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Hong Kong protesters face tough odds

By Frida Ghitis
updated 10:59 AM EDT, Fri October 3, 2014
Police remove barricades and tents outside government headquarters in Hong Kong on Thursday, December 11. The main site of pro-democracy protests for the past two months was broken down piece by piece, and police dragged out the last remaining demonstrators one by one. Police remove barricades and tents outside government headquarters in Hong Kong on Thursday, December 11. The main site of pro-democracy protests for the past two months was broken down piece by piece, and police dragged out the last remaining demonstrators one by one.
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STORY HIGHLIGHTS
  • Frida Ghitis: These are tough times for idealistic pro-democracy protesters in Hong Kong
  • Ghitis: Let's hope there won't be a repeat of Tiananmen Square violence
  • She says China appears unwilling to allow flexibility, so protesters have few options
  • Ghitis: Even if the standoff leads to Chinese crackdown, other nations will unlikely to interfere

Editor's note: Frida Ghitis is a world affairs columnist for The Miami Herald and World Politics Review. A former CNN producer and correspondent, she is the author of "The End of Revolution: A Changing World in the Age of Live Television." Follow her on Twitter @FridaGhitis. The opinions expressed in this commentary are solely those of the author.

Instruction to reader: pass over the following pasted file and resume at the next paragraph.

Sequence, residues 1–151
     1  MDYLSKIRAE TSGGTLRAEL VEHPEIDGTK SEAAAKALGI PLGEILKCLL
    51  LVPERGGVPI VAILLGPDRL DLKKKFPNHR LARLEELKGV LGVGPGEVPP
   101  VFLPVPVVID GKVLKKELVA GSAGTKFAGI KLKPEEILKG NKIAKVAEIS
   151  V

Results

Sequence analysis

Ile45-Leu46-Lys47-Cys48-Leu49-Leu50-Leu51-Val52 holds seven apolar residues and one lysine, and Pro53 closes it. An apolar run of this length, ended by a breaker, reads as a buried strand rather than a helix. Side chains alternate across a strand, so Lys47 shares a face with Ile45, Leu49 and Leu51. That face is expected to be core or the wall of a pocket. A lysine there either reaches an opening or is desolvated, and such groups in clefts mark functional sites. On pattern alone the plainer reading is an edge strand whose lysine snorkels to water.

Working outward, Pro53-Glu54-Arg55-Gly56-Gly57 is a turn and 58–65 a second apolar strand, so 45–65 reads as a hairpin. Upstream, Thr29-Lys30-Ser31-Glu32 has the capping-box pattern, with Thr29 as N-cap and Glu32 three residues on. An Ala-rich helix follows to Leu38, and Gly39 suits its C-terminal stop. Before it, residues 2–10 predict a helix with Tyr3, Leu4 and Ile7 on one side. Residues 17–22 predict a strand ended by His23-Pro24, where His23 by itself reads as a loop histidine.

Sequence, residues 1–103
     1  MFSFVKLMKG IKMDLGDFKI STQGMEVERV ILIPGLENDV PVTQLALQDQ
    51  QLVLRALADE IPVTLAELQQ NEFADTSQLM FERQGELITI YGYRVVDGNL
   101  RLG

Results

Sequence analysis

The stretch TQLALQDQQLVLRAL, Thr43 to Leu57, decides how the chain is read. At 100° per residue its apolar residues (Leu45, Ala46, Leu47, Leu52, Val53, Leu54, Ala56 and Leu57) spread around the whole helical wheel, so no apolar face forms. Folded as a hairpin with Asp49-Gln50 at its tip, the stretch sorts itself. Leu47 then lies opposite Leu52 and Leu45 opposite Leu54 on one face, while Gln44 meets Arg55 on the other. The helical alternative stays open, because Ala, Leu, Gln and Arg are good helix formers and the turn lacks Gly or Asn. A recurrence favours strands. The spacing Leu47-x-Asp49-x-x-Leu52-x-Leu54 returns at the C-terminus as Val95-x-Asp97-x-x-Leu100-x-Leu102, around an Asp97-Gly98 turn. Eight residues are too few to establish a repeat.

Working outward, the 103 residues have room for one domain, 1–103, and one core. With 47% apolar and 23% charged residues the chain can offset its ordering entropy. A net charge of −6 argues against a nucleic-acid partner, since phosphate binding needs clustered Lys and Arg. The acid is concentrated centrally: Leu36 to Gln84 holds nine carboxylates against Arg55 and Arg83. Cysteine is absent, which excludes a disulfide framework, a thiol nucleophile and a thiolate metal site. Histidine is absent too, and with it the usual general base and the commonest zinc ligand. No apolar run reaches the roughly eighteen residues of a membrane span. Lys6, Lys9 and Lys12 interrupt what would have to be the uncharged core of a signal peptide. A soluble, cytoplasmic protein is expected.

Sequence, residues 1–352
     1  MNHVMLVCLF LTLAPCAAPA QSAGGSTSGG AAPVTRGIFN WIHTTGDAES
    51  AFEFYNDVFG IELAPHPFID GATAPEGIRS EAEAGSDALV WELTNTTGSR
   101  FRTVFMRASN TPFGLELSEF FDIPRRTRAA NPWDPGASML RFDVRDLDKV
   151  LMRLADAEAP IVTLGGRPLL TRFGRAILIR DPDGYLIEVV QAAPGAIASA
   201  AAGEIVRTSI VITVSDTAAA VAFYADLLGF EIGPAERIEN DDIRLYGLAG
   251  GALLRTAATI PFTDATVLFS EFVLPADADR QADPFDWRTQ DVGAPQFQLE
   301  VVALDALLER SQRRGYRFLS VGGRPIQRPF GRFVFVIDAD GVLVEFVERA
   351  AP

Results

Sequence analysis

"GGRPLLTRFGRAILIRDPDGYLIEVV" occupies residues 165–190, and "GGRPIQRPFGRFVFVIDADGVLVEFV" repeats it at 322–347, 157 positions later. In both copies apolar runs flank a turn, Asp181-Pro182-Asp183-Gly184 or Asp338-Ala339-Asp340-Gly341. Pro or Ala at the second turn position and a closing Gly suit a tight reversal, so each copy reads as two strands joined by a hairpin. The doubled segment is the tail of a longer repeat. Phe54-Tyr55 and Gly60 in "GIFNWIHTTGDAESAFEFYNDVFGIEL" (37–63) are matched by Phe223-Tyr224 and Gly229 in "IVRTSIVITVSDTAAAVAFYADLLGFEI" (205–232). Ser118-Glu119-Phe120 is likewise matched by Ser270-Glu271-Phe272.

(CNN) -- These are tough times for idealistic revolutionaries. Pro-democracy protesters in Hong Kong know that taking on the Chinese government has never been an easy task. Their chance of success gets worse by the day. There are signs that this could end badly.

China's Communist Party is sending clear messages that it has no intention of yielding to the protesters' demands, warning of "unimaginable consequences" if the protests don't end soon.

The worst case scenario is that these peaceful and highly disciplined protesters could end up crushed by the Chinese regime just as their predecessors were in 1989 at Tiananmen. Yes, the arc of history tends to bend toward justice, but the conditions and timing have to be right.

Frida Ghitis
Frida Ghitis

Based on official statements, China is in no mood to be pressured to change. The international community is too worried about the instability in the Middle East and too busy to meddle with China's political problems.